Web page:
One of my great joys is the cinema. I don’t mean that I rush to see every new release; what I mean is that I love the experience of watching a film as it was intended to be seen. A hushed, darkened room, a ripple of anticipation, the trailers for features to come, the escape from the outside world: these are catnip to me. And London has every form of filmic experience you could want.
I can skip lightly across the multiplexes (multiplices?) of Leicester Square, Westfield and elsewhere. These do the job for fans of superhero flicks and overpriced popcorn, and that’s a simple pleasure not to be scorned. Cinema is a powerful medium and one which can genuinely transport us from our everyday lives for a couple of hours (or even longer, these days: thanks, Zack Snyder), and, in a world more atomised and isolated than ever before, it remains a piece of communal cultural worship.
Smaller local cinemas are a next-level experience. Fewer screens, perhaps, but they offer something approaching a premier experience, excuse the pun, with a good range of drinks and genuinely appealing food. I’m lucky to live five minutes from the newly opened Chiswick Cinema, which even has attractive little touches like double seats for couples (sue me, I enjoyed it) as well as a good combination of new releases, classic revivals and quirky features like opera live from the Met in New York.
My temple, however, is the British Film Institute on the South Bank. It is an opening into filmic heaven. Its four screens of varying sizes show a careful selection of new releases, classic movies, art house features and themed seasons, and it really is the sort of place one could turn up any night of the week and find something to enthrall. Earlier this year there was a season of Robert Altman films, including the iconic M*A*S*H and that slice of 1970s noir which is The Long Goodbye; currently there is a Mike Leigh season; and Christmas will yield the usual festive classics.
BFI was able to survive the pandemic — as a trailer reminds you before each film — thanks to the government’s Culture Recovery Fund for Independent Cinemas. I have never been so pleased to pay my taxes. Not only do I adore the experience of going to the cinema, it is something at which the UK shows genuine brilliance.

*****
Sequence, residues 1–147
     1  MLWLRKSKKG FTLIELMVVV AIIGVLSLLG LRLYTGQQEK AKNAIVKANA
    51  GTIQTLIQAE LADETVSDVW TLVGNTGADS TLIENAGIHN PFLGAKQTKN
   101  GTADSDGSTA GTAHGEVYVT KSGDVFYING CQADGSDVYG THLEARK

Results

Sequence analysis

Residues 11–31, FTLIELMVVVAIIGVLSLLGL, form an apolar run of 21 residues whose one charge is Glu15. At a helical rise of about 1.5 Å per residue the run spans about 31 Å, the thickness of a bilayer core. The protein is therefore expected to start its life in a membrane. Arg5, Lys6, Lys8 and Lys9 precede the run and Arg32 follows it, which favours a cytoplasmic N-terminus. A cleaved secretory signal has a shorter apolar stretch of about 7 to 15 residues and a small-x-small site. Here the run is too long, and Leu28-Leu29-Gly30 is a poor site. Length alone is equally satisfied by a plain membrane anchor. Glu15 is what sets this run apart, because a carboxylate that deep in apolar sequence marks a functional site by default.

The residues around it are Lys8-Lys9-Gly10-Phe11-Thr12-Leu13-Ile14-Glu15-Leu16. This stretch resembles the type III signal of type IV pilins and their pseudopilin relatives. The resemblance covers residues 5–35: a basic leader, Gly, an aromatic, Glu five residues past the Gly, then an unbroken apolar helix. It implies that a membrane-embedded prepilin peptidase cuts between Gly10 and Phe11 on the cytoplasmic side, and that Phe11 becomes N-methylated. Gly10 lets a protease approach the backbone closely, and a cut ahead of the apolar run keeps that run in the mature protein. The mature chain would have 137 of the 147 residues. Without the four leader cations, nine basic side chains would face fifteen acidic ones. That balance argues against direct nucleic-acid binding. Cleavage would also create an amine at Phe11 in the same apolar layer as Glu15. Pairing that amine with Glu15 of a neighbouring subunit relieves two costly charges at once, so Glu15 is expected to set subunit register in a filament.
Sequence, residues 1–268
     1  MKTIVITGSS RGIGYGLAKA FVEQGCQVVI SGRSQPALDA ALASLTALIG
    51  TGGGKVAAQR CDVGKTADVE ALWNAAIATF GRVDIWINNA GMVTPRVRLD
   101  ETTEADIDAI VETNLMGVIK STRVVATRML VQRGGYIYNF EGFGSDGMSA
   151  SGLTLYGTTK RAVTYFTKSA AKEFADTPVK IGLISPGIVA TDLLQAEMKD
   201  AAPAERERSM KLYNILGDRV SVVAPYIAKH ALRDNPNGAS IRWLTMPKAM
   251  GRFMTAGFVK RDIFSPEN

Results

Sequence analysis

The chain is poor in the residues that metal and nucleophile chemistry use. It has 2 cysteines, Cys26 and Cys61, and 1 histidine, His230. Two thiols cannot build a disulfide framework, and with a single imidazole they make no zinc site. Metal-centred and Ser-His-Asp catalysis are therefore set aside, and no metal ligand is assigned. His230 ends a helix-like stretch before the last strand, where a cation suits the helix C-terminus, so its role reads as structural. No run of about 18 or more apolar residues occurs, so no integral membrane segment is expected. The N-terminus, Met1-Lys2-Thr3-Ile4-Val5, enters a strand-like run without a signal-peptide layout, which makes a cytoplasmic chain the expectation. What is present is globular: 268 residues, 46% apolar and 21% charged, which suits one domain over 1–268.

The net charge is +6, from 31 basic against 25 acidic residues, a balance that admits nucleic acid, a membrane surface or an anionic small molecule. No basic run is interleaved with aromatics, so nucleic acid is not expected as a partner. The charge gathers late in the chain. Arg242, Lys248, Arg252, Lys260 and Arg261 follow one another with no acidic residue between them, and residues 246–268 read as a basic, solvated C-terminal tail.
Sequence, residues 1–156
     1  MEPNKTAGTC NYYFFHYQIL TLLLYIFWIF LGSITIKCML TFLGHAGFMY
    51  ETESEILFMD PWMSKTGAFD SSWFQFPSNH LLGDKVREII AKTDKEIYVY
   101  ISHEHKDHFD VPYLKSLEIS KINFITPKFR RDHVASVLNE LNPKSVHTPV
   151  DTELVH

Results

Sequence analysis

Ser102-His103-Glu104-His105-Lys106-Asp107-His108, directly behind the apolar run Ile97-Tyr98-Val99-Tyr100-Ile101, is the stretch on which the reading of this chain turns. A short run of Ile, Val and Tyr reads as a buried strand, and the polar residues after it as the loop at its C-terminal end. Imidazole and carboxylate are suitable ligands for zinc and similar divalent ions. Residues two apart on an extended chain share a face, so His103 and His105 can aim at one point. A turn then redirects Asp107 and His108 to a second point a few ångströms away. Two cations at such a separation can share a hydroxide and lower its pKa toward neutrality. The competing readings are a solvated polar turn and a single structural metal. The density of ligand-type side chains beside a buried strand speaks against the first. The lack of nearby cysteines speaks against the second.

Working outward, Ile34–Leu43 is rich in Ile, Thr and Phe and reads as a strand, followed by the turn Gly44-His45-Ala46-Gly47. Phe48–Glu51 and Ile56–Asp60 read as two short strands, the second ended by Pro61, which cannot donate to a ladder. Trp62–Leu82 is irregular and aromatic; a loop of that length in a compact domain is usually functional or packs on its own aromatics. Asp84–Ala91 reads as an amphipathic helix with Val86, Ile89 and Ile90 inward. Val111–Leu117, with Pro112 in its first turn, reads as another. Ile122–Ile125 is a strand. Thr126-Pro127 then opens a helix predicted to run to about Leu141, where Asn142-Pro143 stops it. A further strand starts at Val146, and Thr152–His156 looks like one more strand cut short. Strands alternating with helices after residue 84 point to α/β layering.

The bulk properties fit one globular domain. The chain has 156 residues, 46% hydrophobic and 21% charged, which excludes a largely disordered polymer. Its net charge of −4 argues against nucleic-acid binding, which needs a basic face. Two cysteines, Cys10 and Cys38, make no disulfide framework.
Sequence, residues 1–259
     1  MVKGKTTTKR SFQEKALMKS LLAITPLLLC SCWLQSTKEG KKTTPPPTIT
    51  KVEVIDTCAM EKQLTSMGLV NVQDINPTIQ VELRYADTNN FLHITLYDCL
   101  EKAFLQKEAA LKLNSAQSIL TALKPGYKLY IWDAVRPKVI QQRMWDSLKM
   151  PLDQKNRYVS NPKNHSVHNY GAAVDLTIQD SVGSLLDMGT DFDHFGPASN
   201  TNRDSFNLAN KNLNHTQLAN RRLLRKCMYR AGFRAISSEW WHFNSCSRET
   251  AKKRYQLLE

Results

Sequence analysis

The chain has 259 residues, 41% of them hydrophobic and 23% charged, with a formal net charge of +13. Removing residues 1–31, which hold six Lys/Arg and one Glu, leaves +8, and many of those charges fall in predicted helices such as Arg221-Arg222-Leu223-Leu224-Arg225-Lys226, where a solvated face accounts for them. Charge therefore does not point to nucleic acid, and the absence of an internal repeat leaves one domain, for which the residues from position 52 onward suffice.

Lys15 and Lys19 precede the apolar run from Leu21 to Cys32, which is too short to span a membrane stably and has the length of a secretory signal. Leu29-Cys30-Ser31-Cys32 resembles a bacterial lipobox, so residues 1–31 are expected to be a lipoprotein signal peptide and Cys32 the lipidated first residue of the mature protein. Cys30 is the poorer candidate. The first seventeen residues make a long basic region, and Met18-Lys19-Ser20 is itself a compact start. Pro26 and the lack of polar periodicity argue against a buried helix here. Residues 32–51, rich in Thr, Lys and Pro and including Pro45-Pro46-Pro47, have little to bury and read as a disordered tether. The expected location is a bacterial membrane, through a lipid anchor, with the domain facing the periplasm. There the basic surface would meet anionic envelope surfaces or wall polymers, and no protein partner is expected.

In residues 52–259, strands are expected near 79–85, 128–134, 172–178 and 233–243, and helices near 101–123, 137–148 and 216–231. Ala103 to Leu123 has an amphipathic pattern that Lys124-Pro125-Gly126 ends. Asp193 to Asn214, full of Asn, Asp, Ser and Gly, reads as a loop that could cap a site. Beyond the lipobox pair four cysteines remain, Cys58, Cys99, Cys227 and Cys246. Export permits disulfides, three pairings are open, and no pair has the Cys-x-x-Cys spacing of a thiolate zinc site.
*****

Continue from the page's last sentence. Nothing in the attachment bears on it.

It’s nearly 40 years since Chariots of Fire won a clutch of Oscars and Colin Welland, holding one of the trophies aloft, shouted “The British are coming”. We came. And we’re still there. Danny Boyle, Christopher Nolan, Ridley Scott, Steve McQueen, Sam Mendes: we’re exceptional at the business of film-making. The creative industries earn the UK hundreds of billions of pounds a year as well as immeasurable soft power.
I suspect a lot of London-dwellers are like me: there are lots of things I simply must do, events I cannot miss and exhibitions/shows/lectures I am waiting impatiently to see, but I don’t do all of the things for which I laud living in the capital. This year, especially as lockdown becomes — we hope — a thing of the past, I am doing my best to be diligently sociable, but I know I won’t manage everything.
So now we have short days and dark nights, use them. Get your calendar out, pull up the BFI website, or that of your local cinema, and get booking. Fill those evenings. Tickets are bemoaned as expensive, but how else can you spend two hours in another world for less than 20 quid? That’s the greatest bargain you’ll find.